Columns, Opinion

GIESELMANN: Expectations

This February, I will begin the single scariest experience of my life: a semester studying abroad in Shanghai.

I choose the word “scary” to describe my feelings toward this experience because of the intense culture shock I expect to go through during the first couple of weeks. I feel as if I’ve been preparing for this next semester for the past six years, starting with my first Chinese language classes at my high school in San Francisco. I chose to study Chinese and study abroad in China because of my love for the language and culture. I am forcefully removing myself from my friends and family in order to familiarize myself with a culture I have studied from a distance for some time.

I came to appreciate China and the Chinese language because of my dislike of Spanish class. Same as almost every middle-school student in America, I was placed into Spanish classes in seventh grade and I, well, hated it. It wasn’t an issue of disdain for the language or culture, but my own failure to grasp the vocabulary and grammar. Especially the grammar. I would often try and say a sentence believing myself to be completely correct only to be corrected because of some grammatical slip-up.

When I finally arrived in high school, I chose to take Chinese classes in order to avoid Spanish in the most drastic fashion imaginable. I had neither any preconceived notions of Chinese nor any knowledge of the Chinese culture except what I garnered from the occasional trip to the local take-out restaurant.

I originally didn’t know what I was getting myself into, but I ended up loving the classes I took. By the time I graduated high school I was committed to becoming fluent in Mandarin Chinese.

In my three years at Boston University I’ve continued my education in the Chinese language. Though I haven’t always been the best student — 8 a.m. Chinese classes would be rough for anyone — I’ve continued my path to proficiency.

I’ve had a few lucky occurrences while at BU as well.  My freshman year roommate was from Shanghai and a few of my coworkers at the Warren Towers Starbucks are from Chongqing, and they have each helped me practice my Chinese (and somehow managed to refrain from laughing at my accent too much).

This past semester I took classes on Chinese Politics and Culture, learning about what life in China will probably be like. After taking this class I now understand a bit more of the cultural differences between American and Chinese culture.

But, I also now know more than ever that I will undergo an experience opposite of my current life in Boston. I’m not expecting to see larger-than-life statues of Mao Zedong everywhere I go, but the more I learn about the Chinese Communist Party the more I understand that some of the perception of propaganda and politics in China is very real. Regardless of my growing knowledge of the Chinese language, I understand that no amount of proficiency gained in a classroom will sufficiently prepare me for life in Shanghai.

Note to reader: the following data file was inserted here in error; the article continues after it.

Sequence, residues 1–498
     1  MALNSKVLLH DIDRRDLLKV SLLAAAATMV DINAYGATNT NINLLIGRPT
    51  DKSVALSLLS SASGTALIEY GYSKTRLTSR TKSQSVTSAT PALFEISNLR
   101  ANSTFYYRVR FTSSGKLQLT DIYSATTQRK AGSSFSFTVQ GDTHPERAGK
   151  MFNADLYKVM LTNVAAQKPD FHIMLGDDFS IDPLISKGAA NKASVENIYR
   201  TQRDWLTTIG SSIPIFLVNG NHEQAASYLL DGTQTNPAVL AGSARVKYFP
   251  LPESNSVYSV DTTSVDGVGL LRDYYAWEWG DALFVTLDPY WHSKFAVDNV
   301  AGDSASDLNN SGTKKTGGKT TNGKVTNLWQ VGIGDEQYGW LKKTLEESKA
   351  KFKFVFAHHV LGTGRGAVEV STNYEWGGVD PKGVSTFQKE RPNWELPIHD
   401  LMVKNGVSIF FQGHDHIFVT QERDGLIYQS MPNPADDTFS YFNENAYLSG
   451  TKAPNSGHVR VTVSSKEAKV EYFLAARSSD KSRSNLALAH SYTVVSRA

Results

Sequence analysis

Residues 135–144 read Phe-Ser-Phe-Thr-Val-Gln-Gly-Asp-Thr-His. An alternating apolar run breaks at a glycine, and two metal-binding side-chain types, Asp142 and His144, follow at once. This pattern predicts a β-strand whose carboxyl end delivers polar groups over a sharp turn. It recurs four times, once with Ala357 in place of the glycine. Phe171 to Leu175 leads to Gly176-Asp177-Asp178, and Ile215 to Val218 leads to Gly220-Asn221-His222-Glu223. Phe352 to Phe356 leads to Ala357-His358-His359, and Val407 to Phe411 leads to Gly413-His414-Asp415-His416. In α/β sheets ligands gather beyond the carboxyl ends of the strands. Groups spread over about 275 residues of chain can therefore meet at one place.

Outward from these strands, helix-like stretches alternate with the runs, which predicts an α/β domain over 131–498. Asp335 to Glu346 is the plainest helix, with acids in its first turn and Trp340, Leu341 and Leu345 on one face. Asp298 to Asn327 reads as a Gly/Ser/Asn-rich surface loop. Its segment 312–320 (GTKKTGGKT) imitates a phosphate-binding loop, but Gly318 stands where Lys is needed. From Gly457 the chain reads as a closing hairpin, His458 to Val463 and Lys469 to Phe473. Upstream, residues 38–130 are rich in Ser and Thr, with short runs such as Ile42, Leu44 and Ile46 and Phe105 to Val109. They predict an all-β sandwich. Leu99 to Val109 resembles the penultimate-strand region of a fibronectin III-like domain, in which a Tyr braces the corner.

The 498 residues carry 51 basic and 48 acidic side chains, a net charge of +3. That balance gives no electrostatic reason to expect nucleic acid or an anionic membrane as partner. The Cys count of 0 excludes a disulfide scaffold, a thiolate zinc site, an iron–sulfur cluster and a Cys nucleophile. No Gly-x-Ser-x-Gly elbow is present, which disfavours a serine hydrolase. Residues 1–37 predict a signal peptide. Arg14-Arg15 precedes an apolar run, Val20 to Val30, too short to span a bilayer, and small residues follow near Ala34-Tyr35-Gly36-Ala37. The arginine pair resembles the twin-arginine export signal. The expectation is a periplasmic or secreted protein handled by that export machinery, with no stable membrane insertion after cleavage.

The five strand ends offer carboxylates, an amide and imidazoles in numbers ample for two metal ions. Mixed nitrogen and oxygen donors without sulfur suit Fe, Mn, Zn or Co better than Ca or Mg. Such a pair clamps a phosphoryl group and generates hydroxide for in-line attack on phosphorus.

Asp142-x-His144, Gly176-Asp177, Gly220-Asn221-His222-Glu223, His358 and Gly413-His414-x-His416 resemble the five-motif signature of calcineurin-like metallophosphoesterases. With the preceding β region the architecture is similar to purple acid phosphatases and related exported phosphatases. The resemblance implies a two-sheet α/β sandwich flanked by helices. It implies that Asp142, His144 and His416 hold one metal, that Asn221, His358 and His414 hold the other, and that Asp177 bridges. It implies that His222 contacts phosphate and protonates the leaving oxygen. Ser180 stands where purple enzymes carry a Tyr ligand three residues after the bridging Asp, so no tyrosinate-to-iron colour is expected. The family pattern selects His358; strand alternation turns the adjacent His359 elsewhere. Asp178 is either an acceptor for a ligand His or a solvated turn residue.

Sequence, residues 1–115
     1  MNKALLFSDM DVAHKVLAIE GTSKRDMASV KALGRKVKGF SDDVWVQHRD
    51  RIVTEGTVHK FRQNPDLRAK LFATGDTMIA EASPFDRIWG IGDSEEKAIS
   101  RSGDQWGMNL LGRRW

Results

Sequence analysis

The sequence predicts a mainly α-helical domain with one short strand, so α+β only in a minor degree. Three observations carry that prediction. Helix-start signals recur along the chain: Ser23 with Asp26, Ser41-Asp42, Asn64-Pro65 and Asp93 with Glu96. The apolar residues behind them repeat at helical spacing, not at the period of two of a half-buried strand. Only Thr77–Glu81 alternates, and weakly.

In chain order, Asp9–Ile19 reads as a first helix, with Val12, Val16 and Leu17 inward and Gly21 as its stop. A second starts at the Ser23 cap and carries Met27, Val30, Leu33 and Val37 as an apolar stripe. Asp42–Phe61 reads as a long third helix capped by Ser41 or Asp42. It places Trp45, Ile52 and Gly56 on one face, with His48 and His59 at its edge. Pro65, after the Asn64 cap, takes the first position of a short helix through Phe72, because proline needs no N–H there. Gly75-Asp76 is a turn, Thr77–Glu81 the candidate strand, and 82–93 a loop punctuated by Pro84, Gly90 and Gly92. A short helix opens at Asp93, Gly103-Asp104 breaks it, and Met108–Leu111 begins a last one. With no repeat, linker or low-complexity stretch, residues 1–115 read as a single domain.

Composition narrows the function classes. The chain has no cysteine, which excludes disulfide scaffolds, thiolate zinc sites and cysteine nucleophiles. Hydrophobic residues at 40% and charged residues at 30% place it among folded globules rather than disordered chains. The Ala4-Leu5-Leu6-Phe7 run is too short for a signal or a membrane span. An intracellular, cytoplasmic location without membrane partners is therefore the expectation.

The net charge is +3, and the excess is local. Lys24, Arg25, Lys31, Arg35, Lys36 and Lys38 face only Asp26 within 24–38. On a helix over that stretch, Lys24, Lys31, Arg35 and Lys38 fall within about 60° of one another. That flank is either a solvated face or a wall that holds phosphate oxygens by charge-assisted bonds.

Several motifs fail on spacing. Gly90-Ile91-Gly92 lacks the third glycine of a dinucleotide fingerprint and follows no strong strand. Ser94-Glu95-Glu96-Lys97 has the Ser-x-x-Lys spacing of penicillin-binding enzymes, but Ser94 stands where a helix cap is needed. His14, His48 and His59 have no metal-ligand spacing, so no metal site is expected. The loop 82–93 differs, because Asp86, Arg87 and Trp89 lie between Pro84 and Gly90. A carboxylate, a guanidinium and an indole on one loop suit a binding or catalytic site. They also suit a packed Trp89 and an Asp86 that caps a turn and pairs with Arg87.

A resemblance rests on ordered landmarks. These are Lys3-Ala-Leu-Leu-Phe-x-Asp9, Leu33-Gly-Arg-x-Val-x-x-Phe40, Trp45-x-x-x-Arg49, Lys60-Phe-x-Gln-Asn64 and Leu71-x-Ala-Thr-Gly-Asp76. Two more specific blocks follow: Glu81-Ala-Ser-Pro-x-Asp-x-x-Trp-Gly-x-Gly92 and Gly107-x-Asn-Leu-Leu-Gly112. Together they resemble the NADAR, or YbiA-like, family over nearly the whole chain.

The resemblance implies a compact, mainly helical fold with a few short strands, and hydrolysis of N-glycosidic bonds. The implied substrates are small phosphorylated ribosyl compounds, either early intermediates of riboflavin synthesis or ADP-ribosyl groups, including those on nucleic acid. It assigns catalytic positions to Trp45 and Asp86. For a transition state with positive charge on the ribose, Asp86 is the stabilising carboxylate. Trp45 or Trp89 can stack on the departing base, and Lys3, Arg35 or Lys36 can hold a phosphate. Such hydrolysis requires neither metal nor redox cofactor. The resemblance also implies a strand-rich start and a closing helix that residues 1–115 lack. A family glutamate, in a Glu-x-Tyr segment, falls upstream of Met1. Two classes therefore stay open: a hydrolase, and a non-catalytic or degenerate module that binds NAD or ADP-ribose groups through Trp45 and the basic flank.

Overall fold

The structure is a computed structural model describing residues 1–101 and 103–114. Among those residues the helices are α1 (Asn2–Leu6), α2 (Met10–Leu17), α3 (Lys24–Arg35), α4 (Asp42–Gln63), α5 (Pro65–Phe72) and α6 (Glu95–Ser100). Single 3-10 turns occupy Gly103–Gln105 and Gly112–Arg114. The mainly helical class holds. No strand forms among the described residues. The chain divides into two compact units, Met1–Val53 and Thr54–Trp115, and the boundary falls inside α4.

It feels like everyone I know is studying abroad in London next semester; I envy them because of the beauty of the city and the relative ease it is to transition to life in the United Kingdom.

Though I try to remain cautious entering my semester abroad, I am far too excited to let my trepidations get in the way of my time in Shanghai. I plan on taking an eight-credit Chinese language course to try and fully immerse myself. Along with my language class I’m participating in an internship program to integrate myself in the Shanghai professional community and hopefully taking a class on Chinese film. China’s extensive culture has gone through a number of changes throughout its 3,000-year history, and I hope to experience as much of it as possible.

I want to use my time in the East to travel: I hope to see Beijing and Hong Kong, as well as possibly visit a friend from BU who lives in Bombay. These educational and travel experiences promise to make this next semester one of my best. I am looking  forward to making friends from China as well as with fellow international students, playing basketball as much as possible on the local courts and sampling the variety of foods.

Though I fear I am giving up a lot to study abroad, the amount that I will gain will likely surpass whatever concessions I make. I hope to keep the BU community updated via this weekly column on my life in China.


再见,朋友们 – ­Bye, friends!

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